Police Scotland is working in partnership with the NHS and shooting organisations to ensure that the country's 70,000 plus holders of firearm, shotgun and air weapon certificates are fully supported should they be at risk due to health or wellbeing concerns.
Chief Inspector Audrey Marsh, from Police Scotland's National Firearms and Explosives Licensing, said, "We work very closely with our key partners and colleagues in the Scottish Government, Home Office and shooting organisations to create a shooting environment that is safe, compliant with firearms legislation and does not disadvantage our certificate holders.
"We have a medical information sharing protocol in place with 97 per cent of GP practices throughout Scotland, regarding any concerns they may have about patients who hold firearms, and this helps to keep certificate holders and others safe.
"Police and shooting organisations rely on honest, responsible certificate holders to inform police if they are diagnosed with or treated for any relevant medical condition. This forms part of the declaration signed by applicants when they apply for a firearm or shotgun licence.
"An important benefit of partnership working is that together we are committed to safeguarding the welfare of certificate holders by being alert to and identifying any concerns early. We realise that certificate holders and their families and friends may be reluctant to speak to police and raise concerns, for fear of having their guns removed.
"Together we want to reassure the shooting community that any action taken will follow engagement with their GP, if a medical concern is identified, and discussion with the certificate holder and will be proportionate, based on risk and take cognisance of all the circumstances.
"Police Scotland’s priority is to ensure public safety, operate a firearms licensing process that delivers a quality service to certificate holders across our diverse communities in Scotland and keep people safe.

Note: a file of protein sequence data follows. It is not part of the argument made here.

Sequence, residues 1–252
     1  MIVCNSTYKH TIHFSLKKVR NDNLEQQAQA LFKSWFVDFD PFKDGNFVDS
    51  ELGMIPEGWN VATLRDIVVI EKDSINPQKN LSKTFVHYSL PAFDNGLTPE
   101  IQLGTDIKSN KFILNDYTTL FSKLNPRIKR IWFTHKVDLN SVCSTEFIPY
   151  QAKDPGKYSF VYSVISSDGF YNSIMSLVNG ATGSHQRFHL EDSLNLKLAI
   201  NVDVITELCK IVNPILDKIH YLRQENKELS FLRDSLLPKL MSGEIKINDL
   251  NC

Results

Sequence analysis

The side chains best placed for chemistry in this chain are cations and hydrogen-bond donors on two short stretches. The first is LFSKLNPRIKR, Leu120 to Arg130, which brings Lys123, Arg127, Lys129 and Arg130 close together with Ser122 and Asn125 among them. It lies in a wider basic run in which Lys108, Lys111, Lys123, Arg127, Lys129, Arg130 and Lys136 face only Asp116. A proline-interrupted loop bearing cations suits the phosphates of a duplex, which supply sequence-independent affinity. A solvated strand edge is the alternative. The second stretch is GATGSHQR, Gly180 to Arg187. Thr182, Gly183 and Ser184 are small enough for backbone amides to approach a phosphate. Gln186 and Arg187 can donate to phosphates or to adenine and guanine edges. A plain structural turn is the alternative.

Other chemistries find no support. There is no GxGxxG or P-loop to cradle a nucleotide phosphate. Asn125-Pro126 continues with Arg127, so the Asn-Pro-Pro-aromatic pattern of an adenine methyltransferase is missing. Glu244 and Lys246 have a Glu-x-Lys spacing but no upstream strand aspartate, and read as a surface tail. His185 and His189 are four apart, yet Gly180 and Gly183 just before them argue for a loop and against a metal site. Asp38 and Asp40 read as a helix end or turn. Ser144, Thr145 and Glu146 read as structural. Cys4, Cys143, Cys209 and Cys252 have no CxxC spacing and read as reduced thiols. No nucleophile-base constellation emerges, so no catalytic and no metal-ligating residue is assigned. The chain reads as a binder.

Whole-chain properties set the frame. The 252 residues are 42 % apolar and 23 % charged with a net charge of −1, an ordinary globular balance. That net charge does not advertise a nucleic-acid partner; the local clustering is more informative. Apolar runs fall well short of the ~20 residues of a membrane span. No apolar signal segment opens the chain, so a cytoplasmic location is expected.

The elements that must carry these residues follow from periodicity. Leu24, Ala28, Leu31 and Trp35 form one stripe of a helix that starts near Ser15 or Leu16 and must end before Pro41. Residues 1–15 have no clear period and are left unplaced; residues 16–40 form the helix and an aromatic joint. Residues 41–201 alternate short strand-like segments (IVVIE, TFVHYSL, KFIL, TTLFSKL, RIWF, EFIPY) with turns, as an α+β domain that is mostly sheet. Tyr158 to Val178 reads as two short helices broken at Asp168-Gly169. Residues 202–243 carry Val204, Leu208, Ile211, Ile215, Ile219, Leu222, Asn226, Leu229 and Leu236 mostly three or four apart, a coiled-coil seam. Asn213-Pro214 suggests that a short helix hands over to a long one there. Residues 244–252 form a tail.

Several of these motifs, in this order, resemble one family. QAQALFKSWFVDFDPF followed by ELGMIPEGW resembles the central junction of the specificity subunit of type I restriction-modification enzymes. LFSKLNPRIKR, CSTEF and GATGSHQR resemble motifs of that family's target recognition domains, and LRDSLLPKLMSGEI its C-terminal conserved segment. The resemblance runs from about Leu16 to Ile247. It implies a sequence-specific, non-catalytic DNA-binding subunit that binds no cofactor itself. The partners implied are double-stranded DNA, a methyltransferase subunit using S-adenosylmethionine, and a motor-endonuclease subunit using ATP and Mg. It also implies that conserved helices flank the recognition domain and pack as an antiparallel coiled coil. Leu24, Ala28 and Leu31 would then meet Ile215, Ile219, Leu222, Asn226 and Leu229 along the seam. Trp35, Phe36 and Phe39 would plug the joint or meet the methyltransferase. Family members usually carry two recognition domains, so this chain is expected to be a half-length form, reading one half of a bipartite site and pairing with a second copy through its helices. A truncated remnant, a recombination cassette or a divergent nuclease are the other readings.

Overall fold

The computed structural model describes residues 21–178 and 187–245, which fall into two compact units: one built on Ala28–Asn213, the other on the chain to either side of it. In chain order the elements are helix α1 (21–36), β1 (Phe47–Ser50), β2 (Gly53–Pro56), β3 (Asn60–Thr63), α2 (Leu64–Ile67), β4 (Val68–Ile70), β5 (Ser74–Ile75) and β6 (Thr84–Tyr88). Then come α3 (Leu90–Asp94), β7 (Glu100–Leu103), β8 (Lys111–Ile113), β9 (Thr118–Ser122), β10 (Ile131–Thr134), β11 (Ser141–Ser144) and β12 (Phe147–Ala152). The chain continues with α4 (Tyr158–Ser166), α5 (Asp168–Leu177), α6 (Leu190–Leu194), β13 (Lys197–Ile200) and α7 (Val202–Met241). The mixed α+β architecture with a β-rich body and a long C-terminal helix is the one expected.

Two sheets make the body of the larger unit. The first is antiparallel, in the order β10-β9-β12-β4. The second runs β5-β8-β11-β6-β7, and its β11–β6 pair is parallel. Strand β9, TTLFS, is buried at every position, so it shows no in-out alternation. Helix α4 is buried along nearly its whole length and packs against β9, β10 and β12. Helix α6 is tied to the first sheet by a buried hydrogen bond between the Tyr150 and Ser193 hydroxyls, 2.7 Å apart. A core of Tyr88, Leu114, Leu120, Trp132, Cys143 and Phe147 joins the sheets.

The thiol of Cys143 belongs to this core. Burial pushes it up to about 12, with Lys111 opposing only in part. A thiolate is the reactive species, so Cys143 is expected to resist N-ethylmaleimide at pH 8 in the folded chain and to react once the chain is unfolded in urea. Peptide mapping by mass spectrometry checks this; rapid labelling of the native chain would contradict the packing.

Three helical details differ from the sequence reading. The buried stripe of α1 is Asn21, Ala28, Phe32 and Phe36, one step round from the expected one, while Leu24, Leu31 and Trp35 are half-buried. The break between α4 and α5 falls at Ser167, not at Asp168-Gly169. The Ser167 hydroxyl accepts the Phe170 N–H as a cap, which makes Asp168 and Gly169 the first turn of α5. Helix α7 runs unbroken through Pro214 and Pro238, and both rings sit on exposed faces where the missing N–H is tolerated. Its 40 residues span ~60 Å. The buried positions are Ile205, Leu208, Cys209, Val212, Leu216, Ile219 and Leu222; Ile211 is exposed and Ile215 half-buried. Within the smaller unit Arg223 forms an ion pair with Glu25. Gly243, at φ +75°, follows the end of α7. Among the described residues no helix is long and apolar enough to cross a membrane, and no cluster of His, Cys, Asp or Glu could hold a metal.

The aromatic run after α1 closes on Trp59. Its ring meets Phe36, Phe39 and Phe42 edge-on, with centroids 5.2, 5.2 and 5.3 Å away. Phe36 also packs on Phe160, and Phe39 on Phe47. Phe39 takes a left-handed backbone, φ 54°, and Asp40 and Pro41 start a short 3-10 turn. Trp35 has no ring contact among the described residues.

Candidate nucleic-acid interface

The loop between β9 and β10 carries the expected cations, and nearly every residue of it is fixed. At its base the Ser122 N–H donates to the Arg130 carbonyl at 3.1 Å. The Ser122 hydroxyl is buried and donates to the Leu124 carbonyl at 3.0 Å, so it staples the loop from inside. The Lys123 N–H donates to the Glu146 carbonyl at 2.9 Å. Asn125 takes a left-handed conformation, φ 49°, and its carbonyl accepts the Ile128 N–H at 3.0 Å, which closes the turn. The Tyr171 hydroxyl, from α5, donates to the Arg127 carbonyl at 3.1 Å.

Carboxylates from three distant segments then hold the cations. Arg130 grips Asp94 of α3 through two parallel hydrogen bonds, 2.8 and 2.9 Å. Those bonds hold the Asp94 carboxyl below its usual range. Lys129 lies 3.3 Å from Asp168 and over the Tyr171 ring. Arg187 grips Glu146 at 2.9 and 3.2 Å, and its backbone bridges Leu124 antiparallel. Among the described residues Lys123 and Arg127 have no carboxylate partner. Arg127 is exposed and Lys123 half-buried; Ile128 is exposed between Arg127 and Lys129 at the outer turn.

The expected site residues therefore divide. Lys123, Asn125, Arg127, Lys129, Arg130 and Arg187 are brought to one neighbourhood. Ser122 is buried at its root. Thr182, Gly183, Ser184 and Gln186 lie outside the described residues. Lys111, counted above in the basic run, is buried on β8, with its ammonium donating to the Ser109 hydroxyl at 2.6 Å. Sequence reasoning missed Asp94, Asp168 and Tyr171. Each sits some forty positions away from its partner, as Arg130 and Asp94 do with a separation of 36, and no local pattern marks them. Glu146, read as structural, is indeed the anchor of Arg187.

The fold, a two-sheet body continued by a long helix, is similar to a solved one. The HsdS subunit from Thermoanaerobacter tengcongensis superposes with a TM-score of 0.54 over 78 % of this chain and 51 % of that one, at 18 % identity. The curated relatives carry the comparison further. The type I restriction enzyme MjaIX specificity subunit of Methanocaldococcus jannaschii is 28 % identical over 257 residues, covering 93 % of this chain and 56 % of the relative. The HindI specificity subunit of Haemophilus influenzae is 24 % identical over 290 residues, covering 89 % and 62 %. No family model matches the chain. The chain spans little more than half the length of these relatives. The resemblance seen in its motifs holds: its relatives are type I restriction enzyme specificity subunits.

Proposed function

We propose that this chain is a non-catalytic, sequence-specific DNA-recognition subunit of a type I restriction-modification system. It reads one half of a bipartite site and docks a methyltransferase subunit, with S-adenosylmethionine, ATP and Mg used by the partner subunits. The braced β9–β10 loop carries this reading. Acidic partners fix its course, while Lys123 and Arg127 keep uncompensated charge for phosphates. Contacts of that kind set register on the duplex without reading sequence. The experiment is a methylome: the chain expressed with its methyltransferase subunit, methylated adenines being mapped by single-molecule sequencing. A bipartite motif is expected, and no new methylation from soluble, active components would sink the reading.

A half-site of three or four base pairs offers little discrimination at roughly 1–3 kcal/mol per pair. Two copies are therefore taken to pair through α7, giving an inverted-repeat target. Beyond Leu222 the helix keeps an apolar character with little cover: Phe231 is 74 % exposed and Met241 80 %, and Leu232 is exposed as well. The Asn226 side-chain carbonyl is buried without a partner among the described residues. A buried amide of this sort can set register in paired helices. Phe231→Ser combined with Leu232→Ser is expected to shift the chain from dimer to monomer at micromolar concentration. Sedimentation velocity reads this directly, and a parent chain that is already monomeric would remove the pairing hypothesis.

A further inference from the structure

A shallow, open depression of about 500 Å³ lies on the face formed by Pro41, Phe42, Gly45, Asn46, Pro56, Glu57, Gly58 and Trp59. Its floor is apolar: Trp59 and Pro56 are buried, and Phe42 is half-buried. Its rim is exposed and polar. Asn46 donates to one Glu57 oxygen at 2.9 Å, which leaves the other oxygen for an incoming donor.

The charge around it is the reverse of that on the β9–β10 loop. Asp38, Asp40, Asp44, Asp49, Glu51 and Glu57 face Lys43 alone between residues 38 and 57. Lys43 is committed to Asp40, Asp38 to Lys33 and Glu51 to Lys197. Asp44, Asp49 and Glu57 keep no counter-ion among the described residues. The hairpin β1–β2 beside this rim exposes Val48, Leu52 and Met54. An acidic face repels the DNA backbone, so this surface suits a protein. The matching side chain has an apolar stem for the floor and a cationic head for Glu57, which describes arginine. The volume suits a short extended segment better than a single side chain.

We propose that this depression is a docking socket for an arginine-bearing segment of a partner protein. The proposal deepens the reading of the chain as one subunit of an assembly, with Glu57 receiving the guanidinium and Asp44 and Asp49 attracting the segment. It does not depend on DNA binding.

"We need communities to inform the police of any concerns that they have about their own or other certificate holders’ welfare, even if this is a situation that may affect someone’s ability to safely possess guns at that time. These are often temporary situations and can be as a result of a marriage breakdown, employment challenges, bereavement, physical or mental illness, alcohol or substance misuse, farming issues, financial difficulties or anything else at all that may have a negative impact on a person’s wellbeing.
"We are already frequently contacted by responsible certificate holders and their families with concerns about their loved ones and people regularly volunteer to relinquish their firearms until such time as any issue has resolved itself or we have received an assurance from their GP that they are not a danger to themselves or others.
"Police Scotland encourage this proactive responsible approach and appreciate that we could be dealing with working farmers, for example, whose livelihoods may be affected so we will endeavour to return firearms as soon as possible. We will also consider other measures such as enhanced security, remote storage or temporarily sharing guns with other certificate holders."